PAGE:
Youth development is needed to help Turkish football
by Kenny Laurie
ISTANBULJan 07, 2015 - 12:00 am GMT+3
by Kenny Laurie
Jan 07, 2015 12:00 am
Few topics stir perpetual debate like the subject of foreign player restrictions. Does it stifle local talent, or does it create a rising tide that demands more of the players that come through that previously had complacently thought their spot on a team was assured thanks to their passport?
The debate will rage in Turkey now that the Turkish Football Federation has decided to allow teams to field an entire team of foreigners, even if the full squad can't be completely foreign. While the effects of mass player movements are still unquantified, hence the debate, there is one truism of lax foreign player regulations: The league product improves. Football in Europe saw a dramatic improvement in its footballing output when players were allowed the freedom of movement around the continent thanks to EU regulations and the revolutionary Bosman Rule, which allows players to leave clubs once their contract expires.
Since the 1990s, foreign player movement around Europe has become so common that eyebrows are raised higher if a domestic player is transferred than if a foreign one is. In the heyday of Serie A in the late '80s and early '90s, Italy had the run on other countries because of their willingness to incorporate foreign talent. From the mid-'90s onwards, the Premier League in England evolved from a mildly outdated league with a somewhat agricultural mindset and tactical stance to the most popular league in the world, replete with the world's best players -for, where there are great players, there is money, investment and trophy-winning potential. The new move will undoubtedly give Turkish clubs a leg up in European competition. At the moment, Galatasaray's UEFA Cup win remains the sole European triumph by a Turkish team. There isn't a football fan in Turkey who wouldn't want that stat to be consigned to history, if only to stop the never-ending nostalgia Yellow-Reds' fans like to indulge in.
At the moment, Turkish clubs are on the outside looking in when it comes to European competition. As the last few seasons have shown, Turkey has its place in European football; Gala made the knockout stages of the Champions League a year ago while Beşiktaş trumped Tottenham Hotspur to take the top spot in their Europa League group. But never is a Turkish team even considered an outsider in European competition, just another tough team that needs to be negotiated en route to a deeper place in the tournament. In terms of domestic football, any viewer of Sunday's match between Beşiktaş and Galatasaray will confirm that the league could do with a shot in the arm. Looking outside of the major clubs, an influx of foreign players could help draw more support for the Anatolian teams that routinely find themselves playing in front of a crowd of security, press and club staff rather than supporters. Of course, the big clubs will have first dibs on the best talent, but good scouting from the small clubs could help pull in the crowds and raise the general interest of the league. Much like the aforementioned English league, Turkey is currently in something of a tactical malaise. I doubt this is due to a lack of talent; it likely has more to do with a lack of infusion of new ideas. As seen in England, when foreign players arrive, they tend to respond to foreign techniques and, as expats, are often more willing to try new things and ideas. Where there are more ideas, there is more innovation and thus more development as well.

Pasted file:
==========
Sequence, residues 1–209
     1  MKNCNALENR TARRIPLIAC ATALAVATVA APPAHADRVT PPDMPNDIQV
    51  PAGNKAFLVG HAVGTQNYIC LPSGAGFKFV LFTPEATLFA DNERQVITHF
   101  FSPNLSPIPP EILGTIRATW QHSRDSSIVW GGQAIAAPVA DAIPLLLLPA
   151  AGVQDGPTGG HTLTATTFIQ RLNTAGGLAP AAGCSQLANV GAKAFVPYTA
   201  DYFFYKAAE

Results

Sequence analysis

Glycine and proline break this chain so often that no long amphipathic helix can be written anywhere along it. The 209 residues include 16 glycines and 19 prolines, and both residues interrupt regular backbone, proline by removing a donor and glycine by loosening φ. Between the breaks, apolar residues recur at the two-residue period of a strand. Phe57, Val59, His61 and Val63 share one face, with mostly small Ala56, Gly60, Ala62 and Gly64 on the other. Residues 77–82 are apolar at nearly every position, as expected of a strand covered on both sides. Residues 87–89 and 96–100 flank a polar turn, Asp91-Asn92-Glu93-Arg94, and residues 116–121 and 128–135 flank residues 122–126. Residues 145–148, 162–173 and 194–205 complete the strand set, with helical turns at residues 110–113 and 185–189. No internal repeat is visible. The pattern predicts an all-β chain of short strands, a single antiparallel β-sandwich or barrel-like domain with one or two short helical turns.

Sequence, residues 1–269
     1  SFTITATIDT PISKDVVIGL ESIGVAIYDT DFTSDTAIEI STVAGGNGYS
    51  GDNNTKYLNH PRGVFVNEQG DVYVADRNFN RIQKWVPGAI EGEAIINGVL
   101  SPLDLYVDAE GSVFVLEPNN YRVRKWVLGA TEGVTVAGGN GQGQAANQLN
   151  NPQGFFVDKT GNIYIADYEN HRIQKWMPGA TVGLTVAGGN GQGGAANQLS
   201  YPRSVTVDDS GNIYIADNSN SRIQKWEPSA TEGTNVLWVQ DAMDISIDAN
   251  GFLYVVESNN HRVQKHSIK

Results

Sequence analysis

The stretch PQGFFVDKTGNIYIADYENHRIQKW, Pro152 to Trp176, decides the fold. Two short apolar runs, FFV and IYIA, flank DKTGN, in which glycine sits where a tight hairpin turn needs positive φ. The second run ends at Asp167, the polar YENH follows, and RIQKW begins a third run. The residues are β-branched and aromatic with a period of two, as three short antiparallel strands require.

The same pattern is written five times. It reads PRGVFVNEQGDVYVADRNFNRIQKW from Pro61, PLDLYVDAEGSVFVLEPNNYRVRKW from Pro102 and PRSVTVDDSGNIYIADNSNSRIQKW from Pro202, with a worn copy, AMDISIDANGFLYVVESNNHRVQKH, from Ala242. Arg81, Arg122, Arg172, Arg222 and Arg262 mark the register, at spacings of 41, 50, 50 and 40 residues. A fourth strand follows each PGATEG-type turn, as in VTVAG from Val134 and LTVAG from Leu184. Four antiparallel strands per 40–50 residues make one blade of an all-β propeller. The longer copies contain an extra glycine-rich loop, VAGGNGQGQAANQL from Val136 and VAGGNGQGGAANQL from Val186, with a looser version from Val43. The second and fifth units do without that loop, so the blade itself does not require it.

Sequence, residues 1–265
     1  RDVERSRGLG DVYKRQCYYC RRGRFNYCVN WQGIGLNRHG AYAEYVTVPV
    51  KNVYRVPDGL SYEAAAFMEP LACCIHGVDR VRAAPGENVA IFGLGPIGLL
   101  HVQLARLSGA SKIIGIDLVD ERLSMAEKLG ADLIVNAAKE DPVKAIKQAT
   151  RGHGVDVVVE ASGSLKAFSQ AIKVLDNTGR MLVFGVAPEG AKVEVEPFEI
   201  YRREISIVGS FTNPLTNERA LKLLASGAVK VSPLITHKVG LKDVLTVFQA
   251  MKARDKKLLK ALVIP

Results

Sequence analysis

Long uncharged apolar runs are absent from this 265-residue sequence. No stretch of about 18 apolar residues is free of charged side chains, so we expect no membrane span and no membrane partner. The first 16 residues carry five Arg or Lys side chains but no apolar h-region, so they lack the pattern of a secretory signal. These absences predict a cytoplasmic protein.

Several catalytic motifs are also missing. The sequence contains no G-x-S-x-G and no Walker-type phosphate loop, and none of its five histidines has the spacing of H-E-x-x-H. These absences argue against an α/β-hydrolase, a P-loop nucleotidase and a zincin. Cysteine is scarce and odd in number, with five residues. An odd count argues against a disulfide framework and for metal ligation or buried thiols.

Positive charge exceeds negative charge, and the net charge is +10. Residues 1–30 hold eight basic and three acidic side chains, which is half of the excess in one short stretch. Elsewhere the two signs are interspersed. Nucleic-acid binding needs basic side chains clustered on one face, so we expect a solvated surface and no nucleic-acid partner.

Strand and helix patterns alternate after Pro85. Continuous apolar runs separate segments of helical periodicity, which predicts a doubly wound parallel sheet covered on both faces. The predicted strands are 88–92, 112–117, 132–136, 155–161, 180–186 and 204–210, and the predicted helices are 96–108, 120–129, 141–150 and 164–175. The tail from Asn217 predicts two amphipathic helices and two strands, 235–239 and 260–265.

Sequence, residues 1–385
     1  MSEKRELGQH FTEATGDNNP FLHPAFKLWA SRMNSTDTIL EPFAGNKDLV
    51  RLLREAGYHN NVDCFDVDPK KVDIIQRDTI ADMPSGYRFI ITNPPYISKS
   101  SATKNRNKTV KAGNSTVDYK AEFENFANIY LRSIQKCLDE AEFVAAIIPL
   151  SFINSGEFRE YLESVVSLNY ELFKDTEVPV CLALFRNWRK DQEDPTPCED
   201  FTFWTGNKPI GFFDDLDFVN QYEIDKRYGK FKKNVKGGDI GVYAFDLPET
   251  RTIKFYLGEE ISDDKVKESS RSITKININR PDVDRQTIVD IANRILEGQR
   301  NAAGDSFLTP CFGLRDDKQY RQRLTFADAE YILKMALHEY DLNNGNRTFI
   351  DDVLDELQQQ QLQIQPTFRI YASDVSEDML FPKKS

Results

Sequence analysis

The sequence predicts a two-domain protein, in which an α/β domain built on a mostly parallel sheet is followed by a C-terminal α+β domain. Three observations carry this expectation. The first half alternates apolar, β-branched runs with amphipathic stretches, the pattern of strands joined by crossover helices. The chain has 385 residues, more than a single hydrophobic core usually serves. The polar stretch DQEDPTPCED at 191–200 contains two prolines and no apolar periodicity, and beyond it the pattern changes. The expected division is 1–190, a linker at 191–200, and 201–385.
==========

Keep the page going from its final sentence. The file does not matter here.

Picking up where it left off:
Of course, the elephant in the room is what will happen to the best domestic talent. Will the heightened quality force Turkey's youth to improve or will they get in the way? The answer is probably neither. England claims to be stifled by foreign players, but Spain is full of foreign players and it has hardly held them back. The fact is, a country's youth output is only as good as its youth systems, coaches, policies and infrastructure. The Turkish national team is hardly flying at the moment while there are few foreigners in the league, and it probably won't improve once they arrive en masse. Spain is awash with foreign players, as is Germany and others, but they produce good players because of their youth policies and quality academies, not because of restrictions on foreign players.